Polito tours climate change mitigation project

Southwk DPW Special Assistant Richard Grannells, Lt. Gov. Karyn Polito and Energy and Environmental Affairs Secretary Kathleen Theoharides listen as Julianne Busa shows some of the erosion on the edge of Klaus Anderson Road. (Photo by Peter Currier)

SOUTHWICK- Lt. Gov. Karyn Polito and Energy and Environmental Affairs Secretary Kathleen Theoharides joined local officials for a tour of the Klaus Anderson Road and Johnson Brook Culvert Project Thursday.

The culvert is one of about 25,000 in the state that is in need of repairs due to the effects of climate change taxing infrastructure. The Baker-Polito administration awarded Southwick a $138,000 grant for the design and permitting phases of the project.

The grant was given through the Municipal Vulnerability Preparedness (MVP) Program. Further grants for the actual implementation and construction of the culvert project may be awarded as well. The grants are matching, with the receiving community expected to contribute 25 percent. The community’s contribution can also be in kind via working staff hours.

The short bridge on Klaus Anderson Road has been recently prone to flooding, a phenomenon that some town officials who grew up in Southwick said did not happen when they were younger. The cause was attributed to the more frequent and intense weather events that have been happening in the region in recent years. The extra water has also been eroding the sides of the road in some places.

“We’re looking for a variety of restoration ideas to allow the stream to have more room to move back and forth,” said Julianne Busa, senior environmental scientist for Fuss and O’Neill, an environmental consulting firm.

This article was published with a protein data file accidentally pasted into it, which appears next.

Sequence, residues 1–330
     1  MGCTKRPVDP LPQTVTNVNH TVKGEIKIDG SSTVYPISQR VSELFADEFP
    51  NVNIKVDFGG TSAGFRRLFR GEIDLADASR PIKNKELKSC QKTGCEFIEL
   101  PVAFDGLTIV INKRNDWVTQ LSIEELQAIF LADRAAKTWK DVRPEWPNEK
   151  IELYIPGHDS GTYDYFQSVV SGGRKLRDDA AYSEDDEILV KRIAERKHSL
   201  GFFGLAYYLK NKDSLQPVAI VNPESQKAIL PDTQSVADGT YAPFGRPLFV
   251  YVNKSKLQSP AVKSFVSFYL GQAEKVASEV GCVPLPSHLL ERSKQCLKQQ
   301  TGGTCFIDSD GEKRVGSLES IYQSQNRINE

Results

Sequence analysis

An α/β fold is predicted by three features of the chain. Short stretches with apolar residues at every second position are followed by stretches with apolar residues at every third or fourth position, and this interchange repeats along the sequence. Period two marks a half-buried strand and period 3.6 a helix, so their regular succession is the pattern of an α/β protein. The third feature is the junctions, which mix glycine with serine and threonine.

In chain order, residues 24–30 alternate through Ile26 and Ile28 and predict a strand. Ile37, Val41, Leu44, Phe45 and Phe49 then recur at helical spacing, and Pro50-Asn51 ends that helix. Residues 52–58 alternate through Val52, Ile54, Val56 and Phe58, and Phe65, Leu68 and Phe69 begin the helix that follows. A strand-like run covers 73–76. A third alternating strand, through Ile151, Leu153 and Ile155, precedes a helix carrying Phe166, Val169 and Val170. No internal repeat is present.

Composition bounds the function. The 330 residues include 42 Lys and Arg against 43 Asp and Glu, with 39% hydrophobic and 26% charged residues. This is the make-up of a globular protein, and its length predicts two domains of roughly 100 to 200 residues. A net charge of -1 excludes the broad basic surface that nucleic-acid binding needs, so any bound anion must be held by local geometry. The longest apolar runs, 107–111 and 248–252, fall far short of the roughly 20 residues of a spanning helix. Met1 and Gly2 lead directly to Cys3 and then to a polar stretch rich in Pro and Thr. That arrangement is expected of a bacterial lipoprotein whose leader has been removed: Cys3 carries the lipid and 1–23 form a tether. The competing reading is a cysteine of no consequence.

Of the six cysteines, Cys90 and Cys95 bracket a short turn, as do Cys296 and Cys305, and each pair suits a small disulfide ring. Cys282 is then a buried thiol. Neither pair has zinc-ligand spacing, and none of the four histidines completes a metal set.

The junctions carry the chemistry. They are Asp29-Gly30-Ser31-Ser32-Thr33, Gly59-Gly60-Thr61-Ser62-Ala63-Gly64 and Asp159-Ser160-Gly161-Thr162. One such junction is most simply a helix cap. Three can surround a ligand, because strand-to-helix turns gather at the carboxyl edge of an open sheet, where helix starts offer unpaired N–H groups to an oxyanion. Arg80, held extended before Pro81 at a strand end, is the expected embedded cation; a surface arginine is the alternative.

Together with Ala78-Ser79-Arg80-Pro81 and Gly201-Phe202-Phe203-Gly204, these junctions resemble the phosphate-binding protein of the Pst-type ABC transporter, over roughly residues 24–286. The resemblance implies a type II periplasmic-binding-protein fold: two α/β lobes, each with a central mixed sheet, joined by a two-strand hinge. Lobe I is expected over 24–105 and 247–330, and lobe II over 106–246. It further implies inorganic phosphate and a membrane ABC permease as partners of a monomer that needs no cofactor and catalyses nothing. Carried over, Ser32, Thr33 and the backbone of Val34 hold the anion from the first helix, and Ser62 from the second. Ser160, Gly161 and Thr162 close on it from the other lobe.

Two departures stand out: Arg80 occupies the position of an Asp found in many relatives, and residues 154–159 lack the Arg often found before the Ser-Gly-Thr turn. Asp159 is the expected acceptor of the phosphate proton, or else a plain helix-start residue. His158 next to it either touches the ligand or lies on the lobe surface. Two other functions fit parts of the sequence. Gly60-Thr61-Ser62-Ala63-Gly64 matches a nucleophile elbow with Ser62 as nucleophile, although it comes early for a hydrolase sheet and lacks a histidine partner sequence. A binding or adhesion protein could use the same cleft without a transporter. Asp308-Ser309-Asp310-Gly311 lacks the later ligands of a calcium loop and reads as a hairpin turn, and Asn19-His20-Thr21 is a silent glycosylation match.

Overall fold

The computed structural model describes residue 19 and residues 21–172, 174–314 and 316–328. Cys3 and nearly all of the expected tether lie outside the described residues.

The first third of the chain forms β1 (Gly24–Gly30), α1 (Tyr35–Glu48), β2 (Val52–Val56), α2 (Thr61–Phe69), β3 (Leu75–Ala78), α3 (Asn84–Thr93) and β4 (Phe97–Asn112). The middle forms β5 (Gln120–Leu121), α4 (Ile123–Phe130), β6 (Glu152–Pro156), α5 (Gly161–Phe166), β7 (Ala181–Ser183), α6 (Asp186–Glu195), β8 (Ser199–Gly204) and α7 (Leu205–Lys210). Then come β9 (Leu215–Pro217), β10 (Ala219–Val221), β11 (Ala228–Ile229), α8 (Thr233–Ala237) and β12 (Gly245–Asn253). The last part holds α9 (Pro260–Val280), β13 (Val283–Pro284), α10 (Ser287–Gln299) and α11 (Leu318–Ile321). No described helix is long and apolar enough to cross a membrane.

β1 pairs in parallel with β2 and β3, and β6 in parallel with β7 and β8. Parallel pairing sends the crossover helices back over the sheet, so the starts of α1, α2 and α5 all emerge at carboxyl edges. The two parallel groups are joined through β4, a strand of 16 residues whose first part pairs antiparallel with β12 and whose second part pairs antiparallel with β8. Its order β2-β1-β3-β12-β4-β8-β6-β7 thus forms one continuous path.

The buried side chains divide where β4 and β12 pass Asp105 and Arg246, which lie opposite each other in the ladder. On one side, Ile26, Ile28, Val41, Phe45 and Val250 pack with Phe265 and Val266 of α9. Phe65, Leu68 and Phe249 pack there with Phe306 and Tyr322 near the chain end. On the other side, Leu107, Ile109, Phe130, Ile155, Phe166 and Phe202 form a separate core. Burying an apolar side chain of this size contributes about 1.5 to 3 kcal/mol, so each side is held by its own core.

Busa presented a plan that would allow the water to spread out and erode less soil in times of increased waterflow such as after a major storm. Another method of preventing the roadside erosion is to take trees and replant them so that the large roots stick out the side of the stream slightly, which would limit erosion.

Lt. Governor Karyn Polito (center) is flanked by local and state officials while holding the project plan that was presented to her Thursday. The road was temporarily blocked off for the tour. (photo by Peter Currier)

They may also choose to create additional stream channels. As the water rises in the current channels, it would spill over into the second channel, also decreasing erosion.

Polito and Gov. Charlie Baker’s administration is backing a bill in the Massachusetts legislature that would provide $130 million annually to communities in the state that may be vulnerable to the effects of climate change. The funds provided by the bill could be used to make similar infrastructure improvements to that of the Johnson Brook Culvert.

The bridge on Klaus Anderson Road that goes over Johnson Brook would have to be completely replaced. The length of the new bridge will have to be at least 1.2 times the width of the stream below it.

“That allows for better aquatic passage and better hydraulic capacity, so the water won’t be constricted.” Said Busa.

Polito said that the administration would like to see the program expand significantly.

“We know that climate change is having impacts on infrastructure, an aging infrastructure at the same time. Those both together are causing a lot of problems like this,” said Polito, “That’s why we created the MVP program. But we’re working with the legislature to pass our bill which would create a dedicated funding stream, about $130 million yearly . . . to fund infrastructure projects like this to build into the resiliency features and to update the infrastructure.”

Polito added that 249 of the 351 municipalities in the state are involved in the MVP program in some capacity.

Busa said that the permitting process for the project will begin in October or November.

Peter Currier can be reached at [email protected].

To Top